A family owned business specializing in light duty horse-drawn carriages, buggies, and wagons, the McFarlan Company, like many manufacturers of its era, entered the automobile industry soon after the turn of the twentieth century. Instead of trying to outproduce and outsell its competition, McFarlan catered to the individual desires and whims of an affluent clientele. For nearly 20 years, McFarlan automobiles were recognized for their quality, custom features, powerful engines, and enormous size. Coming to a demise shortly before the Great Depression, McFarlan nonetheless managed to gain a considerable reputation among the nation's rich and famous, including Wallace Reid, Fatty Arbuckle, Jack Dempsey, and even Al Capone. This book gives a complete account of McFarlan's rise, transition, and eventual dissolution, outlining in the process the surprising impact that the relatively obscure company had on its community and the auto industry.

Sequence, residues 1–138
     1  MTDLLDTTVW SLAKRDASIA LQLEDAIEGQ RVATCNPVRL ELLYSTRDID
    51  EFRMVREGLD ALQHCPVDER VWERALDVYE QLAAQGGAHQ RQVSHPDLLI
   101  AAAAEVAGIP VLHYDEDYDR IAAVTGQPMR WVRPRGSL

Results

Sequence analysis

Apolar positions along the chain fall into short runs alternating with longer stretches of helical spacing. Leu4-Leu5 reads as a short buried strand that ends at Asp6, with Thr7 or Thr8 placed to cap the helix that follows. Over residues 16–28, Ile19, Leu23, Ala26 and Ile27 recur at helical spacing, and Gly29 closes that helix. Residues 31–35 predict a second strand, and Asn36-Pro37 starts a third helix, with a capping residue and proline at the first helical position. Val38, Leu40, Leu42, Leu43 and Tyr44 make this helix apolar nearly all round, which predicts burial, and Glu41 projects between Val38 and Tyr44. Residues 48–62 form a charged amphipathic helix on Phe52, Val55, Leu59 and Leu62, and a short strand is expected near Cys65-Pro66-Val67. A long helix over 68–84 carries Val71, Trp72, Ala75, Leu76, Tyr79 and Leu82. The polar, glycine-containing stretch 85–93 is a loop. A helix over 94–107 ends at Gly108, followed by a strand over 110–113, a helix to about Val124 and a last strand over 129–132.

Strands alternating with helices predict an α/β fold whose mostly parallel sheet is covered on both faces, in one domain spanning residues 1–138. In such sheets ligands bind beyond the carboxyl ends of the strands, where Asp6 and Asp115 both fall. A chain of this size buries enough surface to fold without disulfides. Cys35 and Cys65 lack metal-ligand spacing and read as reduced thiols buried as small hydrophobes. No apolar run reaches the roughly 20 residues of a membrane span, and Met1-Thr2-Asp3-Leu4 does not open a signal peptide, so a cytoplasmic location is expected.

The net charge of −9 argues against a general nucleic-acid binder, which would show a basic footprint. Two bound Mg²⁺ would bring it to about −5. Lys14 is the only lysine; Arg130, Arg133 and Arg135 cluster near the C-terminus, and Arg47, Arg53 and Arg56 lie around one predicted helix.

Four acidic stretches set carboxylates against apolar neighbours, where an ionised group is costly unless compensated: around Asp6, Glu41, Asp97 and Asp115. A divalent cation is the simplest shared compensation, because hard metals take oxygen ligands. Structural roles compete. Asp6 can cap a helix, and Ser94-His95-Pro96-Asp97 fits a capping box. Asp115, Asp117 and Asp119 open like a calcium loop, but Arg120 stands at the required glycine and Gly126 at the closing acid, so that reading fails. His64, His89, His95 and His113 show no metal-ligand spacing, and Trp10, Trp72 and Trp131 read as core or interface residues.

"this book is a wonderful history...fascinating...beautifully illustrated...a highly readable book well worth space in the library of any collector interested in fine and rare American cars"--SAH Journal; "recommended"--Antique Automobile; "very fascinating"--Hemmings Classic Car; "highly recommended"--The Automobile.